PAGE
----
Front Layout


The front layout transition, the first real “flip” that you will learn and the first transition that travels “over your head”. You will learn how to adjust your body position and manage the airflow around your body in order to succecssfuly complete the transition while covering the the width of the tunnel. This maneuver will give you the first glimpse in to some slight disorientation which is something you will be come ultimately comfortable with as you progress.

Download Lesson Plan 1 Download Lesson Plan 2


Before you begin to learn transitions between orientations you should be comfortable and balanced in each of the orientations. To learn to this transition you should be stable and aware in both belly-flying and back-flying orientations. Flying this particular maneuver requires a slightly different body position than traditional back-flying. It requires you to fly with your hips arched and shoulders rolled forward. Doing some exercises to develop this body position are beneficial. 


o  You should aim to fly this transition with as much control as possible

o  Try to imagine an arc of momentum to give you the time necessary to fly through the transition

o  Begin and end the technique on the same level

o  Try to avoid the natural tendency of putting your chin down in the beginning of the technique, as this will create uncontrolled forward drive.

o  Use the action of very slightly de-arching your chest and adding pressure to your palms and arms to create lift, not your hips

o  As you become more comfortable you can experiment with the shape of the layout ideally covering the entire width of the tunnel


With this transition you want to imagine an arc of momentum. Knowing how to use this momentum will give you the time necessary to develop the correct body position. You should set up in the center of the tunnel at roughly hip height of the instructor and aim to finish at the same level. 

Technique and Drills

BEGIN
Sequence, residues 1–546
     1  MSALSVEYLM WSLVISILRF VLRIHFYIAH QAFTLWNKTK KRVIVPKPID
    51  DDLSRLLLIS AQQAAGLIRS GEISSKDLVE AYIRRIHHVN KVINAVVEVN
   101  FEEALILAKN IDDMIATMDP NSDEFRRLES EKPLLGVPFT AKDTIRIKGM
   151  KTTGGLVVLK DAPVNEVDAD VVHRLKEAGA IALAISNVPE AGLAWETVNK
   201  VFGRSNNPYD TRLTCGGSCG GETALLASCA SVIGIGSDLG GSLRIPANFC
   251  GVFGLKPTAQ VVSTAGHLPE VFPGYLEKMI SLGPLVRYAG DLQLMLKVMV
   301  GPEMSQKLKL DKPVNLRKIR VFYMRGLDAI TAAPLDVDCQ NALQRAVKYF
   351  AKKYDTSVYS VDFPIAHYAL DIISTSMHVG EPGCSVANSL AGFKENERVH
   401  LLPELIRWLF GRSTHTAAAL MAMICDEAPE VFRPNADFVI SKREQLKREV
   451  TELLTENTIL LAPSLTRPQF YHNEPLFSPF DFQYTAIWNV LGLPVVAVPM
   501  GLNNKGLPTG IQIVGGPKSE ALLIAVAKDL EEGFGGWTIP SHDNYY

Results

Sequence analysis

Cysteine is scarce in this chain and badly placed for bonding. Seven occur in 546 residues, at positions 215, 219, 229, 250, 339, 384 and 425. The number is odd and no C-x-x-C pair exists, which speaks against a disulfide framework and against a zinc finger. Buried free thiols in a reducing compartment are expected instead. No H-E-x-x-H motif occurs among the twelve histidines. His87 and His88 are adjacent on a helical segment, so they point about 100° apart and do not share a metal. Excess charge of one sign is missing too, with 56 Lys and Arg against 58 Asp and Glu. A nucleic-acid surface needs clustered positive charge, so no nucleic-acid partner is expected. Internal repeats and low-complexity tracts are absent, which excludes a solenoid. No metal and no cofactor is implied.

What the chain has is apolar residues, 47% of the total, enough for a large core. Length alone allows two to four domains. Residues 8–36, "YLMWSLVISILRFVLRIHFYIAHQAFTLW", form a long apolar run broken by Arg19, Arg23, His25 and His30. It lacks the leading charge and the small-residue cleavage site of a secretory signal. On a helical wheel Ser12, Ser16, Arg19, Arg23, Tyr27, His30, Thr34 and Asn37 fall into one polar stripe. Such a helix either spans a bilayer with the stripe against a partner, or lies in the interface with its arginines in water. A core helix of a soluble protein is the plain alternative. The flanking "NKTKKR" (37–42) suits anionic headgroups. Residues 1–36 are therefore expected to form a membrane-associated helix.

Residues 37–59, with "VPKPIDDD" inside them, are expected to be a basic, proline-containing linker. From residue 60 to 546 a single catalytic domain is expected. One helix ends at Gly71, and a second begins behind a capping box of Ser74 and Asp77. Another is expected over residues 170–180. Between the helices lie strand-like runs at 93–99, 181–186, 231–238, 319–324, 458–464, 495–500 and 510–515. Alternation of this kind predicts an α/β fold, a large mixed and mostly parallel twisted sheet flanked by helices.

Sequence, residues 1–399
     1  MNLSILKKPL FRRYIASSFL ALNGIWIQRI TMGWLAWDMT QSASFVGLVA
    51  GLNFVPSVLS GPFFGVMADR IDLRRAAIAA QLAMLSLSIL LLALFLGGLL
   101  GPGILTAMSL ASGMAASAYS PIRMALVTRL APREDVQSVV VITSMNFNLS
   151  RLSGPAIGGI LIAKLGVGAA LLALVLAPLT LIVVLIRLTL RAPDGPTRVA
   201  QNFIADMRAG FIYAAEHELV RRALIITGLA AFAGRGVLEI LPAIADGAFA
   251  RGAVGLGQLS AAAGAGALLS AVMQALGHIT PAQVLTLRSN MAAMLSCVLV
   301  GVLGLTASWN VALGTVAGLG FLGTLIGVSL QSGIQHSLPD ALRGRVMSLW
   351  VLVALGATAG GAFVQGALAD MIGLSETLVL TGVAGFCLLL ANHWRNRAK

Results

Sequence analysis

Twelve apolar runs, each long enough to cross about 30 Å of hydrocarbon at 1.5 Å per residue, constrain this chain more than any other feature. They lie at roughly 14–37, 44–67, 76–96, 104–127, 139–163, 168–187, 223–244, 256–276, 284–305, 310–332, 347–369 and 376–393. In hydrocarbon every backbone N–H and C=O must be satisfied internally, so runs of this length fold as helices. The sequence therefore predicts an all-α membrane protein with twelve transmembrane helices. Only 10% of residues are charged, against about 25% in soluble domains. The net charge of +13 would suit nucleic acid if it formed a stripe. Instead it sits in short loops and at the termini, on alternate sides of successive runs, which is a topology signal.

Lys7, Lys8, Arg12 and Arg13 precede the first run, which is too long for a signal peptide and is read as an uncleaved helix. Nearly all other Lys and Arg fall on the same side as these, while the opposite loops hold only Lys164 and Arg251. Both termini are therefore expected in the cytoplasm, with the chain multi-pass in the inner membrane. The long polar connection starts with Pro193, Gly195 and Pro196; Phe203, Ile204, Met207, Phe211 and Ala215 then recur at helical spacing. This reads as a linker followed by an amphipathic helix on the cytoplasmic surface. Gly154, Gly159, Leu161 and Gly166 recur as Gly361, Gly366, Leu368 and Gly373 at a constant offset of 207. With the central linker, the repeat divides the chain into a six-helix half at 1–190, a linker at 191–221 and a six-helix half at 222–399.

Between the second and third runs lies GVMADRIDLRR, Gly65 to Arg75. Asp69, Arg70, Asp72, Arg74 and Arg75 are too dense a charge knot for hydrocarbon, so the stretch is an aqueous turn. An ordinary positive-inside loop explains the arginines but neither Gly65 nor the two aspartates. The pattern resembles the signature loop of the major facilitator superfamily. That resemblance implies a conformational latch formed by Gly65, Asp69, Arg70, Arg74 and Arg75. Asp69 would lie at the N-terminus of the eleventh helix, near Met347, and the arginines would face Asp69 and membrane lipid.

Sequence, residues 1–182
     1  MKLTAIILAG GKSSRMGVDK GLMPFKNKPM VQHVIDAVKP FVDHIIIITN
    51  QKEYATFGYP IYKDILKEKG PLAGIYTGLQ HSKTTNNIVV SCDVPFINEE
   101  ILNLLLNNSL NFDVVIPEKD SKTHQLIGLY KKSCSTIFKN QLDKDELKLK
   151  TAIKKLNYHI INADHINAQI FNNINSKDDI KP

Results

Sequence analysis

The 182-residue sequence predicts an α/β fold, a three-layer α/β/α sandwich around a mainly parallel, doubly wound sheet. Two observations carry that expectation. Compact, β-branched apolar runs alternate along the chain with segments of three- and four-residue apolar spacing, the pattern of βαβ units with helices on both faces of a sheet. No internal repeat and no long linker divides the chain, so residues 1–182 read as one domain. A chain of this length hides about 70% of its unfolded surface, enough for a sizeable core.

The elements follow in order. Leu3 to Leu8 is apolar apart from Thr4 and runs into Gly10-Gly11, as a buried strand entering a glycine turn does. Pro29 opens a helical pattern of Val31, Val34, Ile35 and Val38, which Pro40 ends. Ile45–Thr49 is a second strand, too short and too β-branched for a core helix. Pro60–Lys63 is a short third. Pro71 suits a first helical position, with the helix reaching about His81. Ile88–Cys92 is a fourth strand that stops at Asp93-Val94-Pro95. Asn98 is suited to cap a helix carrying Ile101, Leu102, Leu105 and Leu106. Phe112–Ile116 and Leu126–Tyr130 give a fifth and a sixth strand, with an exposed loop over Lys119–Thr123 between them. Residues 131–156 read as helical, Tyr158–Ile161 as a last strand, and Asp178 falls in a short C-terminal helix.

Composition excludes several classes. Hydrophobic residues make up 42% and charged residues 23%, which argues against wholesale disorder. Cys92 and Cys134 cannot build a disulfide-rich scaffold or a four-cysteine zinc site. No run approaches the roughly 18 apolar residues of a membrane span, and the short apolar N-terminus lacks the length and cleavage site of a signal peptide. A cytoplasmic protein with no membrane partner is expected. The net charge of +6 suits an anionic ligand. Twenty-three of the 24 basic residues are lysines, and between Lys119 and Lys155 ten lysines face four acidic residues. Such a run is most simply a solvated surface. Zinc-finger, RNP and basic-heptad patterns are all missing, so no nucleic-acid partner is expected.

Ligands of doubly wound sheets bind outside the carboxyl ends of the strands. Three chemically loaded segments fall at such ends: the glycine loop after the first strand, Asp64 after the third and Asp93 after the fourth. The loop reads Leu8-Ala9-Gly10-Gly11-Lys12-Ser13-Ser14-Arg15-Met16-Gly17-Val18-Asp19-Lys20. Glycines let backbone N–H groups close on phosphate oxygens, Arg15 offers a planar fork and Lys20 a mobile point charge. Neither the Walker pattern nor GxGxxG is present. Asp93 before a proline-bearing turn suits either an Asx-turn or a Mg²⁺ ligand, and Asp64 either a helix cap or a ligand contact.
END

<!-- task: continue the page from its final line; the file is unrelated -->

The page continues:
o  Start the technique on your belly with your feet close to the tunnel walls. Spread your arms wide and begin to create lift by making your body flat. Straighten your legs to create the rotation.

o  Keep your chin up and look down through the center of the cable floor as you pass over the vertical part of the transition. Putting your chin down will drive you blind at the tunnel wall.

o  As you pass on to your back, use your hips and legs to stop the energy and assume a neutral back-fly position.

Post-flight questions / suggestions

·     Were you able to remain stable as you moved between orientations?

·     Did you start and finish the maneuver on the same level?

·     Were you able to avoid creating uncontrollable forward drive?

·     Did you keep your chin up and allow the correct body position to create the front flip?


At this point in your progression, you should be comfortable flying the back-to-belly front flip and now the belly-to-back front flip maneuvers. Now, you can begin to link these skills together in order to complete full layout moves.

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The IBA distinguishes between the sport of indoor skydiving (engaged in by patrons with IBA accounts seeking approval of flight skills though the IBA's Flight Progression System) and recreational flying (engaged in by entertainment customers who do not intend to pursue approval of skills). While indoor skydiving is safe for all ages, the inherent risk of the activity is necessarily greater for those engaging in the sport of indoor skydiving, particularly as they progress through more sophisticated maneuvers.